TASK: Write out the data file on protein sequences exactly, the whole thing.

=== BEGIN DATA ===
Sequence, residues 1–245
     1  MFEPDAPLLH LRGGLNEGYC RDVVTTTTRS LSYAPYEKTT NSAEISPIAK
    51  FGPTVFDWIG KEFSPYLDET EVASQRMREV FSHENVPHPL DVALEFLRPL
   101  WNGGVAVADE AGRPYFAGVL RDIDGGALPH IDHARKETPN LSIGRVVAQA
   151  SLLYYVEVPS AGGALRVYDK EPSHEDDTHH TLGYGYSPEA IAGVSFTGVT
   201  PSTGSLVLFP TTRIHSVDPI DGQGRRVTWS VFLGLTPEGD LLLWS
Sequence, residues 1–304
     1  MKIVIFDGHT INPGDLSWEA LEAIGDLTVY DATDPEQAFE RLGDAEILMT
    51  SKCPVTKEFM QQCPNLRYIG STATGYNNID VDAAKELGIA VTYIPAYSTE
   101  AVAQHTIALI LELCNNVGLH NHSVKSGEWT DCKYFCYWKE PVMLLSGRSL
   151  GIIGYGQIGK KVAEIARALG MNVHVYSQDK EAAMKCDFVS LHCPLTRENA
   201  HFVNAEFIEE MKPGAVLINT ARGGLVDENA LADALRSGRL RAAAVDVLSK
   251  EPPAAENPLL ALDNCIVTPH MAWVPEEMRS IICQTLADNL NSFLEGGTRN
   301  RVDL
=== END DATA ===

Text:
Sequence, residues 1–245
     1  MFEPDAPLLH LRGGLNEGYC RDVVTTTTRS LSYAPYEKTT NSAEISPIAK
    51  FGPTVFDWIG KEFSPYLDET EVASQRMREV FSHENVPHPL DVALEFLRPL
   101  WNGGVAVADE AGRPYFAGVL RDIDGGALPH IDHARKETPN LSIGRVVAQA
   151  SLLYYVEVPS AGGALRVYDK EPSHEDDTHH TLGYGYSPEA IAGVSFTGVT
   201  PSTGSLVLFP TTRIHSVDPI DGQGRRVTWS VFLGLTPEGD LLLWS
Sequence, residues 1–304
     1  MKIVIFDGHT INPGDLSWEA LEAIGDLTVY DATDPEQAFE RLGDAEILMT
    51  SKCPVTKEFM QQCPNLRYIG STATGYNNID VDAAKELGIA VTYIPAYSTE
   101  AVAQHTIALI LELCNNVGLH NHSVKSGEWT DCKYFCYWKE PVMLLSGRSL
   151  GIIGYGQIGK KVAEIARALG MNVHVYSQDK EAAMKCDFVS LHCPLTRENA
   201  HFVNAEFIEE MKPGAVLINT ARGGLVDENA LADALRSGRL RAAAVDVLSK
   251  EPPAAENPLL ALDNCIVTPH MAWVPEEMRS IICQTLADNL NSFLEGGTRN
   301  RVDL